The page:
USA: prison telecom giant offers aid to prisoners - for a price

The insidious games of the prison phone companies, masked by their generosity during the pandemic

As prisons and jails nationwide suspend visitations to slow the spread of COVID-19, the country’s largest private providers of communications services to inmates are being lauded by corrections officials for offering to help a vulnerable population stay in touch with family and friends.

In a March 17 press release, for example, Oregon’s Department of Corrections announced a partnership with communications service provider Global Tel Link (GTL) to offer all adults in custody two five-minute phone calls per week for the next 30 days.

The agency praised GTL “for this act of understanding, support, and compassion during this difficult time … Efforts to maintain family connections between those incarcerated and their loved ones are essential, especially in stressful times.”

But while mass layoffs and imminent business closures sweep the country, prison telecom companies like GTL and its closest rival Securus will continue to reap nationwide profits from mass incarceration—with one federal lawmaker calling their crisis support efforts a “hollow corporate altruism campaign.”

Both companies, which control the lion’s share of the $1.2 billion prison telecom market,

are owned by private equity firms that have helped concentrate corporate power in prisons through debt-fueled buyouts and mergers.

GTL has managed to subvert its magnanimous offer of free phone calls by using what is often known in the tech world as “dark patterns,” confusing customers into paying more money for the privilege.

Inmates in facilities that contract with GTL initiate phone and video calls through prepaid accounts managed by the company, the result of an acquisition of the prison money-transfer firm TouchPay. Family members typically add funds to these accounts through apps, websites, or in-person kiosks.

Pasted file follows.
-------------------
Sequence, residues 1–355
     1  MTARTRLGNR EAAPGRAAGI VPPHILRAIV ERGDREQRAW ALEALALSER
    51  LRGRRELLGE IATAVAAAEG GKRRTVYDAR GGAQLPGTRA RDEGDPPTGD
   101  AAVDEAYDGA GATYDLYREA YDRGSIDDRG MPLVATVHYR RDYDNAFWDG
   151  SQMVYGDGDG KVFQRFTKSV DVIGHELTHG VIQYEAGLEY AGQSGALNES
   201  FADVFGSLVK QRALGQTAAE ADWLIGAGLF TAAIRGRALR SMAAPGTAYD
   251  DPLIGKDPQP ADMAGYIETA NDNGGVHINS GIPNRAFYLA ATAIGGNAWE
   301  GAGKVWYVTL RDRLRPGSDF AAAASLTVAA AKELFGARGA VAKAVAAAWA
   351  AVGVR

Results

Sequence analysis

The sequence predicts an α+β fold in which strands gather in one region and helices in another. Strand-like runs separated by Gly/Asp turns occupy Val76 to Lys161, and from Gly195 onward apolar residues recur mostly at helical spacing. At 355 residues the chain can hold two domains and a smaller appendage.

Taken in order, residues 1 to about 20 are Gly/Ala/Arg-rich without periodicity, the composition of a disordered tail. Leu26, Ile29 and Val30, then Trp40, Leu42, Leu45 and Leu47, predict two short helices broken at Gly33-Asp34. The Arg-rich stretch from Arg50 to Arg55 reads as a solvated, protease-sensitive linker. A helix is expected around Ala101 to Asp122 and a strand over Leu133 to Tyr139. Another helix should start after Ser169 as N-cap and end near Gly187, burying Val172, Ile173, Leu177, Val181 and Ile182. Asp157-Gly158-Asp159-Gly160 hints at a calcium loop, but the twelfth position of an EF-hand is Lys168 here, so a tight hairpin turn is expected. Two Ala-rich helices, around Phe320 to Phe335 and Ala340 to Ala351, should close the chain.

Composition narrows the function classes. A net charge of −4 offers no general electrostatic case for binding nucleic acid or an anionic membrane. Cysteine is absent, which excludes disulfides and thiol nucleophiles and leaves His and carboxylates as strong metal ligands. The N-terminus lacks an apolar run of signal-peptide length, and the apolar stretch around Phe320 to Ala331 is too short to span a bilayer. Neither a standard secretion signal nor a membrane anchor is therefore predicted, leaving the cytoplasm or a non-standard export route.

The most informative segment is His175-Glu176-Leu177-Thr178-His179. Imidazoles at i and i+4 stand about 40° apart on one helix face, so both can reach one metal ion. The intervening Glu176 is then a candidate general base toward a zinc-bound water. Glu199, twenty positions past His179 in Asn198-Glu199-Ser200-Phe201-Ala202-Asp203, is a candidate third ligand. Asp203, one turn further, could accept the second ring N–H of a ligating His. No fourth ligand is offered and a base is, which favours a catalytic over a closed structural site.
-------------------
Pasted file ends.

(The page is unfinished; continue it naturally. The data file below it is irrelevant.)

When depositing money on GTL’s “Getting Out” payment platform, users are asked if they want to “round up” their deposit. Those who deposit an additional $5 or $10 receive one or two “free calls,” respectively.

The company charges state prisoners $0.16 per minute for in-state calls, which comes out to $0.80 for a five-minute call.

If Oregon’s 14,500 prisoners in state custody each “rounded up” deposits by $10 to receive ten extra minutes to talk to their families, GTL could earn an additional $121,800. That amount doesn’t include taxes and other fees, which the company claims “are passed through to the end user without markup.”

Nationwide profits from such arrangements during the crisis could end up being much higher, as state prisons and county jails across the country have similar offers in place with GTL, which serves approximately 2,300 facilities and 1.8 million inmates in 50 states, the District of Columbia, and Puerto Rico.

High fees on GTL’s deposit accounts are commonplace. In one instance, inmate accounts associated with a facility referred to as “Fort Worth GTL Office-Tablets” have to pay over $10 in fees simply to deposit $25 into their accounts.

Inmates in Miami-Dade County, Florida, currently must pay nearly $8 to make a $25 deposit into their accounts. Prisoners there don’t appear to be receiving any free calls from GTL, but the company still offers the opportunity to “round up” payments.

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